Evangelist Franklin Graham questions Christianity of Obama and Romney
Franklin Graham, the son of prominent evangelist Billy Graham, questioned the Christianity of both President Obama and presidential candidate Mitt Romney on Tuesday.
Asked in an interview with MSNBC's "Morning Joe" if he believed Mr. Obama was a Christian, Graham said he would "have to assume" he is because "he has said he's a Christian," but then added that he cannot answer the question himself.
"You'll have to ask President Obama," Graham said, when asked directly what he believes about Mr. Obama's faith.
"You can ask me 'Do I believe you're a Christian?' I think the best thing for a person is to ask you directly, so I think people have to ask Barack Obama. He's come out saying that he's a Christian, so I think the question is 'What is a Christian?'" Graham said.
Graham was also asked about the former Massachusetts governor, who is in tight race with Rick Santorum, a conservative Catholic, in next week's Republican primary in Michigan.
"Most Christians would not recognize Mormonism as part of the Christian faith," Graham said, declining to say outright that he does not count Romney, a Mormon, as a Christian.
"I'm just saying most Christians would not recognize Mormonism," Graham said. "Of course, they believe in Jesus Christ, but they have a lot of other things they believe in too that we don't accept theologically. But he would be a good president if he [won] the nomination."
Graham suggested Mr. Obama is not as Christian as he could be, or as Christian as other presidential candidates on the trail.
"But the question is: What is a Christian? And a Christian is a person that believes Jesus Christ is God's son who died on a cross for our sins who God raised to life. And that if we put our faith and trust in him, then God will forgive us of our sins. Now, that's the definition of a Christian. I was 22 years old when I asked Christ to come into my heart. You cannot be born a Christian; you can only be converted. And that is by putting your faith and trust in Christ," Graham said.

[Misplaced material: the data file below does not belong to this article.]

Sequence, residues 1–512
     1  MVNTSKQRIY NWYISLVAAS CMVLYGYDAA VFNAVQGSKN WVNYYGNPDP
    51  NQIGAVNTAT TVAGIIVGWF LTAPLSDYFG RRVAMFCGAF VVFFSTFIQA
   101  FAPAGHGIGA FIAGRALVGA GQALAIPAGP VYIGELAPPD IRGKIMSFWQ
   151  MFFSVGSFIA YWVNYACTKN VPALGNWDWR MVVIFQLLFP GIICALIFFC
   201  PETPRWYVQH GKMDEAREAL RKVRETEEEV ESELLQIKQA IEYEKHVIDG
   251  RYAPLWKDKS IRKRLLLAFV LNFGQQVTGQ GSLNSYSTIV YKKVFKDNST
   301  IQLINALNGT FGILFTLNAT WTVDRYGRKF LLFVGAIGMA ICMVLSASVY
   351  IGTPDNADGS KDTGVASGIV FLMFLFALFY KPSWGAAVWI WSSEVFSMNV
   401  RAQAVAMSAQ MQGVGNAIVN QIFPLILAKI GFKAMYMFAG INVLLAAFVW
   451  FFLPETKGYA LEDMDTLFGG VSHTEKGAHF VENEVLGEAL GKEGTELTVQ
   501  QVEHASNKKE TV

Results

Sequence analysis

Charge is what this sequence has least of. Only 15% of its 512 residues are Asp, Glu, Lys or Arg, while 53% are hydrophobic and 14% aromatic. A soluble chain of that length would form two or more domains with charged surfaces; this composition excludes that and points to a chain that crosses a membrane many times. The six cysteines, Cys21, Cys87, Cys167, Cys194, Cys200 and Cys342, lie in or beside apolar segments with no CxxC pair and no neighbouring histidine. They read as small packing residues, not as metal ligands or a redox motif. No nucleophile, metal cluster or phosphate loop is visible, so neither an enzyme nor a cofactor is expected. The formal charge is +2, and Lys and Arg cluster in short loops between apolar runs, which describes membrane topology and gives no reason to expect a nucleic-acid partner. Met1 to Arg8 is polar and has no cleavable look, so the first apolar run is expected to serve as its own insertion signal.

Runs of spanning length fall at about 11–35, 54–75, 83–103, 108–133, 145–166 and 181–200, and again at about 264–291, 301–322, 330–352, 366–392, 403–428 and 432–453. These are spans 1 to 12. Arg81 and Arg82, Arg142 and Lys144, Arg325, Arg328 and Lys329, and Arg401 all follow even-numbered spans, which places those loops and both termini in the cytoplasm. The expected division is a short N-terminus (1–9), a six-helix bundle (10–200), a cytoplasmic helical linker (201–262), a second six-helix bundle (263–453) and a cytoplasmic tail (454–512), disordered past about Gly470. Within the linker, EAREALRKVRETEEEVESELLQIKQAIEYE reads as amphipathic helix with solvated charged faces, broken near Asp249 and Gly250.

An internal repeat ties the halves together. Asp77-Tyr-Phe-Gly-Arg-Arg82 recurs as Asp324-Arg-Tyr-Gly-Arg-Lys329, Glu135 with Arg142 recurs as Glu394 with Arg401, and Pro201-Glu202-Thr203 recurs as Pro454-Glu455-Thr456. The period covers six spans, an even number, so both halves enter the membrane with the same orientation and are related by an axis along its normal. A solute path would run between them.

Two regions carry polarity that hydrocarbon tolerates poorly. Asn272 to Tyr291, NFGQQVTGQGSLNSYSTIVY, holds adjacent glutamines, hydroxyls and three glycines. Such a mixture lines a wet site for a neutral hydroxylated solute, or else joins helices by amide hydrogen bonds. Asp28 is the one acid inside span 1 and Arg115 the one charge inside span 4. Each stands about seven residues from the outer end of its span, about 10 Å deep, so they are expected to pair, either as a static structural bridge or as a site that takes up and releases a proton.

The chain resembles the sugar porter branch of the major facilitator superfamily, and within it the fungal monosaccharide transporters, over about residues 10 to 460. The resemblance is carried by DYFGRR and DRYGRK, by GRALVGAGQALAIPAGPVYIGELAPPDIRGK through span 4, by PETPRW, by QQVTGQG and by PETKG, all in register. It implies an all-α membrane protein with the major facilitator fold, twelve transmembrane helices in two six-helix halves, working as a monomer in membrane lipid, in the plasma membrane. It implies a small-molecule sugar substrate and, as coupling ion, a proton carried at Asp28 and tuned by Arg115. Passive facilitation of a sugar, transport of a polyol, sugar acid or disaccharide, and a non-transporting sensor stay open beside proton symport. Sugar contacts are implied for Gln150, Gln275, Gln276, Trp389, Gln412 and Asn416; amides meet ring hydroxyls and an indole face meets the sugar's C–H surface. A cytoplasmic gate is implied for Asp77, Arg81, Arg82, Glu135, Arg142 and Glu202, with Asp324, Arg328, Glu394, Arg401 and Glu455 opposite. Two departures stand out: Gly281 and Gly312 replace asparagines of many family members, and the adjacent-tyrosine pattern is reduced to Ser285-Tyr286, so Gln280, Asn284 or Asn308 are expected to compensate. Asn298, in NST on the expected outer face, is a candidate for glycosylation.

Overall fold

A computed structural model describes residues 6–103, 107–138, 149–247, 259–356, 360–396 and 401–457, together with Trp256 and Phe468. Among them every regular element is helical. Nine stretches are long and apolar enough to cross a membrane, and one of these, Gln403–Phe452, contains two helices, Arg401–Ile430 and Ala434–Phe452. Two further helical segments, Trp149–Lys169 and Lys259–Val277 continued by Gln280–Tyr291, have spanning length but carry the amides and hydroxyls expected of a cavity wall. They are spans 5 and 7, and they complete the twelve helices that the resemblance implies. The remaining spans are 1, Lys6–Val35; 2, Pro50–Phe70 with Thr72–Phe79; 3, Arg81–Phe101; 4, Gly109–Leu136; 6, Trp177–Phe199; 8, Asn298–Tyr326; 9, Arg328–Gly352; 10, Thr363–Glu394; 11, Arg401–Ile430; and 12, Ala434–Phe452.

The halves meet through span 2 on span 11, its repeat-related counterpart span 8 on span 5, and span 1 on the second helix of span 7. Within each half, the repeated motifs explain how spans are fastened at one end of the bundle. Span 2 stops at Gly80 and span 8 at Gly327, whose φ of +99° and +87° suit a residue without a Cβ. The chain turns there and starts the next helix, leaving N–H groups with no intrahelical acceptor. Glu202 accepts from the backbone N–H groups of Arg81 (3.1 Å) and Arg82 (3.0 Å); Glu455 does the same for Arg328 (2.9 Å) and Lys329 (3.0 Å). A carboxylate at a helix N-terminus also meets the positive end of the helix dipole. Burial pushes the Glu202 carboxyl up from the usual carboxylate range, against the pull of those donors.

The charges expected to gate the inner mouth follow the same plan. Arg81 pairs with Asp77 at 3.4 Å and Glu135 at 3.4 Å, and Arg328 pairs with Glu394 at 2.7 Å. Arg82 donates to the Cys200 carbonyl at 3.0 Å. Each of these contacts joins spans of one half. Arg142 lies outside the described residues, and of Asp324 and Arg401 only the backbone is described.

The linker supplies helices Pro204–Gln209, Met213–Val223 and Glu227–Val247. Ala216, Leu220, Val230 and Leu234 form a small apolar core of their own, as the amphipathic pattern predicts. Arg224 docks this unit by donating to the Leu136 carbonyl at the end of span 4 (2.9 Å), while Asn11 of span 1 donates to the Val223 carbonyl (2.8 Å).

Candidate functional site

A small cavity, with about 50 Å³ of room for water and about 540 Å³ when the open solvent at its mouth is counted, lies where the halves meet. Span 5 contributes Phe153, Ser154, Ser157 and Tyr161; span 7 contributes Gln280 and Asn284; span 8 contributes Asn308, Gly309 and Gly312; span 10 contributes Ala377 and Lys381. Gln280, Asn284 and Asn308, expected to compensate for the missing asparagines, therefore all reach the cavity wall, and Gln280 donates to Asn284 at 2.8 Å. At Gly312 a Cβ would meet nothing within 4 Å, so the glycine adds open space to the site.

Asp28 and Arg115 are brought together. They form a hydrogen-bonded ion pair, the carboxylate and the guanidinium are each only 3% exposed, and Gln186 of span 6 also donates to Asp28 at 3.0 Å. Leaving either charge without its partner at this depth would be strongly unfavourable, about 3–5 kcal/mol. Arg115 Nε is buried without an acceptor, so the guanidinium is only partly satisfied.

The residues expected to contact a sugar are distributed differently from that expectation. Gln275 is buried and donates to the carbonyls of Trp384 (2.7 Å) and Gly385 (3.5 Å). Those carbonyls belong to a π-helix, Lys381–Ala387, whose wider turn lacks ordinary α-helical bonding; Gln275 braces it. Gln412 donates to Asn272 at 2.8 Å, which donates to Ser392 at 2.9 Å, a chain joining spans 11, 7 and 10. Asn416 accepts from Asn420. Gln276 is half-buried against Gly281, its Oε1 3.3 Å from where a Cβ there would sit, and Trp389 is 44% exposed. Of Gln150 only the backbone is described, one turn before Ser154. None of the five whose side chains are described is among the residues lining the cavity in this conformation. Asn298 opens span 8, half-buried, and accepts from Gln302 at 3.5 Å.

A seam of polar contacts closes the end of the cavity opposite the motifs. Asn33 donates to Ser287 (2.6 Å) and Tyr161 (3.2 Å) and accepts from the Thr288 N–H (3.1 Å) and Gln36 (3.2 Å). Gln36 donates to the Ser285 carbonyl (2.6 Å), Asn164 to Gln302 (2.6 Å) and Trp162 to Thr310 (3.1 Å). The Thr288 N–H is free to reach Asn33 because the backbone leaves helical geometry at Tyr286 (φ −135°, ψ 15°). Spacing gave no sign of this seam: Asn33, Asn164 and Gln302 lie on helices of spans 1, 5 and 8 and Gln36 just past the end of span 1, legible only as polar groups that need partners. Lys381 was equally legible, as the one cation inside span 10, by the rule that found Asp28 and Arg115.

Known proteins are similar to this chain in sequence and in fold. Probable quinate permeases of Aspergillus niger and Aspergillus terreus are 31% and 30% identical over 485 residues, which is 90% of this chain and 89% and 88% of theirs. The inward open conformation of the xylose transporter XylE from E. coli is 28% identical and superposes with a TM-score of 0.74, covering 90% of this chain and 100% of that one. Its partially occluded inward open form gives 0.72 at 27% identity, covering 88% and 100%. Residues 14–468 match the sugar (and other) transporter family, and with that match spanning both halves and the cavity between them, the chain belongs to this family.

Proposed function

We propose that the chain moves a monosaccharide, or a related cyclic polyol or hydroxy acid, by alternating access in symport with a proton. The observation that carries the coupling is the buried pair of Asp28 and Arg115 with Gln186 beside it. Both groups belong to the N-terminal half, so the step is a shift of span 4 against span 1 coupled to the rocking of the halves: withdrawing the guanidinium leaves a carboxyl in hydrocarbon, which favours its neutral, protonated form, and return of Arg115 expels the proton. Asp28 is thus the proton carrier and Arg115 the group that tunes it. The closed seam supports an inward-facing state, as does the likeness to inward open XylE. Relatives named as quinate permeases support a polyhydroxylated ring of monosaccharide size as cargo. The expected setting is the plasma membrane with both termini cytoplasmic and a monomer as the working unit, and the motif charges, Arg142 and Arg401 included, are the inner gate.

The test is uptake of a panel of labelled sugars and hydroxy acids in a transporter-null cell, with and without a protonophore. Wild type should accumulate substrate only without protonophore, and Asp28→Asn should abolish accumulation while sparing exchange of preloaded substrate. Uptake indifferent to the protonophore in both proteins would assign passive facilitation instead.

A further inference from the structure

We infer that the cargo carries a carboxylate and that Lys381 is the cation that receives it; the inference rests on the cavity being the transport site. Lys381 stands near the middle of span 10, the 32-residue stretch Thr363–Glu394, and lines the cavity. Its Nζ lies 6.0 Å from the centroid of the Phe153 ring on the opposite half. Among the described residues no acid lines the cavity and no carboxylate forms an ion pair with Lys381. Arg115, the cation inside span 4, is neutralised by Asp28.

He said that, in a conversation he'd had with Mr. Obama a number of years ago, the president told him he'd started to go to church while working on the south side of Chicago because leaders in the community told him it was a necessity.
"So therefore, by your definition, he's not a Christian," prompted MSNBC's Willie Geist.
"Again. You'd have to ask him. I cannot answer that question for anybody. All I know is that I'm a sinner and that God has forgiven me of my sins. Because I put my faith and trust in Jesus Christ. That's all I know," Graham said.
Graham had a different response when asked if Santorum was a Christian.
"Do you believe that Rick Santorum is a Christian?" asked Geist.
"I think so," said Graham.
"How do you know? If the standard is only the person knows what's within him, when you apply it to the president why is it different for Rick Santorum?" asked Geist.
Graham said he believes Santorum is "a man of faith" because of the "stand he takes" on moral issues.
"Well, because his values are so clear on moral issues. No question about it," Graham said. "And I just appreciate the moral stand that he takes on these things. So I believe that he is. He comes from a Catholic faith; I'm Protestant so there are a lot of differences between what he believes and what I believe. But yet I think he is, no question, I believe he's a man of faith."
John Heilemann, a journalist and guest on the show, accused Graham of applying an "incredible double standard" to Mr. Obama and Santorum on the question of religion, given that previously he'd said that one can't know the depth of another's religious faith.
"No. I asked President Obama how he came to faith in Christ. And he said 'I don't go to church,'" Graham said. He said Santorum had been more persuasive on the question when he had a similar conversation with him about faith.
"You have to look at a person does with his life. Anyone can say that he's a Christian, but you look at how they live," Graham said.
Graham also said he thinks Gingrich is a Christian.
"I think Newt is a Christian," he said. "At least he told me he is."
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